NT Government goes public with environmental security bonds

The Northern Territory’s Gunner Ministry is to release details of its environmental security bonds to the public in a bid for increased accountability within the territory’s mining industry.

The move is seen as an important step in making sure NT mine workers are following all environmental laws and complying with post-operation rehabilitation costs, as covered in the federal Mining Management Act.

The implementation of these new laws has met a mixed reception within the industry; Minerals Council NT executive director Drew Wagner stated he was “bitterly disappointed” with the move, and expressed his belief that figures “should remain in confidence between the Government and individual operator.”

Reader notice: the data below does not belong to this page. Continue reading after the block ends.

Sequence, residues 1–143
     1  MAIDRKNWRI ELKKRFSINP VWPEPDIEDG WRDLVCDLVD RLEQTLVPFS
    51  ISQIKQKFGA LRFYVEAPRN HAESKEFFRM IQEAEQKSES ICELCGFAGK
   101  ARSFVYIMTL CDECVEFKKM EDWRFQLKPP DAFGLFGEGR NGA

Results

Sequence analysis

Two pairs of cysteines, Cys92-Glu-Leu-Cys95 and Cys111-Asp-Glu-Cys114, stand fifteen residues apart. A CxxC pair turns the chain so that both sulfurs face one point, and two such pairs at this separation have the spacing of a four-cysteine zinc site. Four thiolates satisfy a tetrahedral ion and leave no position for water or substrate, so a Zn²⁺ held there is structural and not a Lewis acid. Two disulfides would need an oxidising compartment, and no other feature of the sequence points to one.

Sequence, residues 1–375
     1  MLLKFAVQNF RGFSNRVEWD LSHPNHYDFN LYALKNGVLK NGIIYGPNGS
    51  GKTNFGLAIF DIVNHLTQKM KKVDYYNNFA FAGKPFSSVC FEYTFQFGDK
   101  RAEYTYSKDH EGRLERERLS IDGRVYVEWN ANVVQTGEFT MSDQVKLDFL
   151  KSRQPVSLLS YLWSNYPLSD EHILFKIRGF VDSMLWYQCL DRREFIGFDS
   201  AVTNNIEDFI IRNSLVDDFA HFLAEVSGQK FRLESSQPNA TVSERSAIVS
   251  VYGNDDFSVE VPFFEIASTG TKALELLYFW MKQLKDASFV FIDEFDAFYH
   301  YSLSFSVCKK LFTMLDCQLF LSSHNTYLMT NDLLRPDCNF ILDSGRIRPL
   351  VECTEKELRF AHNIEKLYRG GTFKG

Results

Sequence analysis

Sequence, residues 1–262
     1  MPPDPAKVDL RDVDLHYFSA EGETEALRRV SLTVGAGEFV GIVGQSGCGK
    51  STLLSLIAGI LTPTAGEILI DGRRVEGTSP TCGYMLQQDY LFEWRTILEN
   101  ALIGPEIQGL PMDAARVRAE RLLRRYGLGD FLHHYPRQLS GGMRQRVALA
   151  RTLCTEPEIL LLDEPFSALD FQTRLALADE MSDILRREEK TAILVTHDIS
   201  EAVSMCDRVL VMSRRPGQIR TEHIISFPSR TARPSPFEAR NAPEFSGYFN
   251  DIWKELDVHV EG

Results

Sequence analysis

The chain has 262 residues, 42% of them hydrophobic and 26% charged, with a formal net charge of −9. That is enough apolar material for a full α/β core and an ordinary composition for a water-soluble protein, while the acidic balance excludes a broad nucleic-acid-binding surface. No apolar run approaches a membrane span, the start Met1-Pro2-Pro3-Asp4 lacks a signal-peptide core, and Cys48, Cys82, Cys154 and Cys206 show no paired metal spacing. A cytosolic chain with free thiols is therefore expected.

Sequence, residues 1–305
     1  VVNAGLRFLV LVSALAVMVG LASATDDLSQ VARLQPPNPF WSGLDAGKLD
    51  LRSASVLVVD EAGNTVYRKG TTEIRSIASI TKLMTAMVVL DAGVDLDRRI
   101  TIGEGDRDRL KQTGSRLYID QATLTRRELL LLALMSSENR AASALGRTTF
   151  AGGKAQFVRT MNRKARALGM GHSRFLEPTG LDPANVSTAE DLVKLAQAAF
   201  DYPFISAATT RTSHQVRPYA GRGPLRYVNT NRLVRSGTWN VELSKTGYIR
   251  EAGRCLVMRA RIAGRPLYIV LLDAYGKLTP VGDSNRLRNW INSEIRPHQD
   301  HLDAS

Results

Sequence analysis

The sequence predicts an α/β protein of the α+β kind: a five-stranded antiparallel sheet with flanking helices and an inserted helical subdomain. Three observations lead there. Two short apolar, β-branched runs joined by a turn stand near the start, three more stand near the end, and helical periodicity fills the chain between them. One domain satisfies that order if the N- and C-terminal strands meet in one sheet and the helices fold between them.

The EPA has become intrinsically linked with NT mining activity in recent months, with operational delays brought about due to environmental concerns.

The Edna Beryl deposit, located in Tennant Creek mineral field and home to Australia’s highest-grade gold deposit (40 grams per tonne), officially opened in July 2017.

It is the first new gold site to be opened in the Tennant Creek region in 12 years, and is expected to leave a small environmental footprint on account of the brevity and small scale of the project.